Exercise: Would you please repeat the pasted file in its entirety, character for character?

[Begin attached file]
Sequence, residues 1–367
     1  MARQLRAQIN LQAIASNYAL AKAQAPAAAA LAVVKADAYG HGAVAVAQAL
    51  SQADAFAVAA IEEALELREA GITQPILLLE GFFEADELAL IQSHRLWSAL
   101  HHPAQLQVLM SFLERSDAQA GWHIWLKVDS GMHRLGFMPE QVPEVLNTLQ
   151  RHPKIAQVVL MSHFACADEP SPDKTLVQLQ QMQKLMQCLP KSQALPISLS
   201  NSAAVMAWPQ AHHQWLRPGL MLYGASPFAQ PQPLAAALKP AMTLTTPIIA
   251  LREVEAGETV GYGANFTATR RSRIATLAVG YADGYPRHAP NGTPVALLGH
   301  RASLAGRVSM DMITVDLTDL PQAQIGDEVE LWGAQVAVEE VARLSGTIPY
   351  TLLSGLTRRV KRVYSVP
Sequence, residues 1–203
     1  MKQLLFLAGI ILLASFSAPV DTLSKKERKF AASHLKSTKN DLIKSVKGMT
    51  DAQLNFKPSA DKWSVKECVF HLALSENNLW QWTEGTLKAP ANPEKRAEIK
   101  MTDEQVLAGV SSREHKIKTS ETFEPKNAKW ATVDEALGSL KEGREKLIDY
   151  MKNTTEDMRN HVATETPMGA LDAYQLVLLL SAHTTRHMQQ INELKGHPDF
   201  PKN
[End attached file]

Sequence, residues 1–367
     1  MARQLRAQIN LQAIASNYAL AKAQAPAAAA LAVVKADAYG HGAVAVAQAL
    51  SQADAFAVAA IEEALELREA GITQPILLLE GFFEADELAL IQSHRLWSAL
   101  HHPAQLQVLM SFLERSDAQA GWHIWLKVDS GMHRLGFMPE QVPEVLNTLQ
   151  RHPKIAQVVL MSHFACADEP SPDKTLVQLQ QMQKLMQCLP KSQALPISLS
   201  NSAAVMAWPQ AHHQWLRPGL MLYGASPFAQ PQPLAAALKP AMTLTTPIIA
   251  LREVEAGETV GYGANFTATR RSRIATLAVG YADGYPRHAP NGTPVALLGH
   301  RASLAGRVSM DMITVDLTDL PQAQIGDEVE LWGAQVAVEE VARLSGTIPY
   351  TLLSGLTRRV KRVYSVP
Sequence, residues 1–203
     1  MKQLLFLAGI ILLASFSAPV DTLSKKERKF AASHLKSTKN DLIKSVKGMT
    51  DAQLNFKPSA DKWSVKECVF HLALSENNLW QWTEGTLKAP ANPEKRAEIK
   101  MTDEQVLAGV SSREHKIKTS ETFEPKNAKW ATVDEALGSL KEGREKLIDY
   151  MKNTTEDMRN HVATETPMGA LDAYQLVLLL SAHTTRHMQQ INELKGHPDF
   201  PKN